However, as my weight plummeted I found it increasingly difficult to function. Work became a struggle. Relationships were either non-existent or extremely volatile. I was eventually diagnosed with Anorexia Nervosa and Obsessive Compulsive Disorder (OCD). To this day I still have the irrational fear that I wasn’t “good enough” at Anorexia, that somehow the doctors had got that one wrong. But, in reality, I was too thin. Too cold. So so angry. I had my driving licence revoked and was caught in the trap of having to run the distance of a Half Marathon just to get to work each day. Which, lets be honest, I loved because it justified me doing even more exercise. I was admitted into hospital for the best part of a year, following which I came out and lost all of the weight I had gained and then some. I was re-admitted the following year, before discharging myself at an even lower weight than when I had gone back in.

In the months and years that followed I continued attending outpatient therapy. I kept up my fitness regime, perhaps controversially. I explored numerous food trends. I took time out every day to meditate. Somehow, with the support of my family, friends, colleagues, therapist and the social media community, I restored my body to a healthier weight – that Body Mass Index that I simply refer to as “Purgatory”. I then met my coach, the insanely knowledgeable and hilarious Eddie Abbew, who helped push me to a genuinely healthy weight. I stopped running – it simply isn’t good for me. I focused solely on weight training, with the occasional yoga class thrown in to help with the “head stuff”. I started eating Carbs on Carbs on Carbs. Peanut Butter on Carbs. The gorgeous Personal Trainer at my gym, who I had asked to yank me off the treadmill if he ever saw me running, later became my boyfriend having noticed the appearance of big old glutes as I walking lunged across the length of the gym. Finally, I had found my happy place.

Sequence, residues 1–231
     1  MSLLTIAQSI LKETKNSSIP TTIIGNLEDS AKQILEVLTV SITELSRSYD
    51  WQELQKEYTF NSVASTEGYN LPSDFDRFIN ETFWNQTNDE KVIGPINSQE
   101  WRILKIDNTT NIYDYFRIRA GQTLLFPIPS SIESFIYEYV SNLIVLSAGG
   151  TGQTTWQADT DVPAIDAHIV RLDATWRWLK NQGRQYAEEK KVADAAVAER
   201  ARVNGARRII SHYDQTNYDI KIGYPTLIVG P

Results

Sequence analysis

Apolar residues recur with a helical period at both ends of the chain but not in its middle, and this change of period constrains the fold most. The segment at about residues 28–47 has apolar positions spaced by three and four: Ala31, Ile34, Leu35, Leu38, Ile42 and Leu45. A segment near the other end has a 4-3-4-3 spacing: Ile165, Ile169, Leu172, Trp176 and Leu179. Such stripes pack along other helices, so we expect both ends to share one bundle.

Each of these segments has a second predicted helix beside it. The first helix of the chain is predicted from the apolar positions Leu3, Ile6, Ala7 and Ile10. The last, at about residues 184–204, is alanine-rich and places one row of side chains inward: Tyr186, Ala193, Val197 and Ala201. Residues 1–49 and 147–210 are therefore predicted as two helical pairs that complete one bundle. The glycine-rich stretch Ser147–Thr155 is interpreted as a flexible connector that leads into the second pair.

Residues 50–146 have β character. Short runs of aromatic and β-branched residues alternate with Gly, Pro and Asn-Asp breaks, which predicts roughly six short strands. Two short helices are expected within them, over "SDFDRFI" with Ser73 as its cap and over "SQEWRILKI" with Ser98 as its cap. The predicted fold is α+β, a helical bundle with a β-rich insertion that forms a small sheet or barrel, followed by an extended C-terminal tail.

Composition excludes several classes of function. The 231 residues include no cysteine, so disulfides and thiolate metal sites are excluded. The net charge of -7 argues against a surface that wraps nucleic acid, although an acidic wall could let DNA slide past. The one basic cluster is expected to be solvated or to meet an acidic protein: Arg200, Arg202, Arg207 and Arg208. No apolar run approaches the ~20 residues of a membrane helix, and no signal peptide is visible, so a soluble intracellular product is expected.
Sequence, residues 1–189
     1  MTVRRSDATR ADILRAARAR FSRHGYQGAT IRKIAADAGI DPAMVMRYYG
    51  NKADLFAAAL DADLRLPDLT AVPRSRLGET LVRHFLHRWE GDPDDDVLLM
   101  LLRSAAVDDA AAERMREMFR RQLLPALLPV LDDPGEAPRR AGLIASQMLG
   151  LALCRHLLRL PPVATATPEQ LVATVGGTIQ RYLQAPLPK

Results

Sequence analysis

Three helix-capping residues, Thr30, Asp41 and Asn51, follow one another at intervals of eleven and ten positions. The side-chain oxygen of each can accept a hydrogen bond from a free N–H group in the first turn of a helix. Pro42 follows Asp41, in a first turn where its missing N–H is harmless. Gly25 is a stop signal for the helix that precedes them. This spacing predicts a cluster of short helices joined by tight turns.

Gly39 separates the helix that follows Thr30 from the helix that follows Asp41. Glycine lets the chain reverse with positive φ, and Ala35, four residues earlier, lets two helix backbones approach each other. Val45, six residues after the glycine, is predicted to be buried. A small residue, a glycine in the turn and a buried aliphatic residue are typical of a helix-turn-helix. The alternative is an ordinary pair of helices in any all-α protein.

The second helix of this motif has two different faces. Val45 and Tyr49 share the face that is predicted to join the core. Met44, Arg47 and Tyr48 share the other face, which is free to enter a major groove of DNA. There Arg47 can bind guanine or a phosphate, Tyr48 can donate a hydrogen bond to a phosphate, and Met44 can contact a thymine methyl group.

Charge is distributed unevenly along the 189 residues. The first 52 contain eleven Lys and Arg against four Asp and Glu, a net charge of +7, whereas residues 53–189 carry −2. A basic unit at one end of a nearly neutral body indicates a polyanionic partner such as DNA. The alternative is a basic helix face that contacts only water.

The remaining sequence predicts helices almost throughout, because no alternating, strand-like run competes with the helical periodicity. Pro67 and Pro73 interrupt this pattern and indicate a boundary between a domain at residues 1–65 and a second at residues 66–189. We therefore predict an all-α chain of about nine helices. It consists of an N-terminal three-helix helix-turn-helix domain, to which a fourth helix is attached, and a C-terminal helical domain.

So, what now? I still have my demons, and I can still be a bit of a control freak. But I am happy and healthy, for the first time in years. I am due to step on stage in April 2016 at the Miami Pro World Championships and in May 2016 at the UKBFF Bodypower Classic. I am proud of my body when it looks muscular and lean, but I am also proud when it is soft and more feminine. I am a Personal Trainer and Spin Instructor. I am fascinated by the way in which psychology and mindset affects our relationships with our bodies, with food and with exercise. I am a champion for the mental health charity MIND and hope that, by sharing my experiences and opening up the dialogue around mental health, I can help others who are affected by Anorexia and/or OCD.

My hope is that this blog will contain snapshots of my workouts, my meals, honest product reviews and links to other blogs that I love. I hope to do so with an appreciation of the fact that we all have a different relationship towards fitness, food and body image, some of which is positive and some of which needs exploration and development. My way is not the “right way”, it is simply what has worked for me. I welcome you to add me on Facebook or follow me on Twitter and Instagram (@BimsWinter) for even more up to date content, and I would welcome any feedback or suggestions for future posts.

In the meantime, be kind to yourself. Love and respect yourself always.

Bims. Xx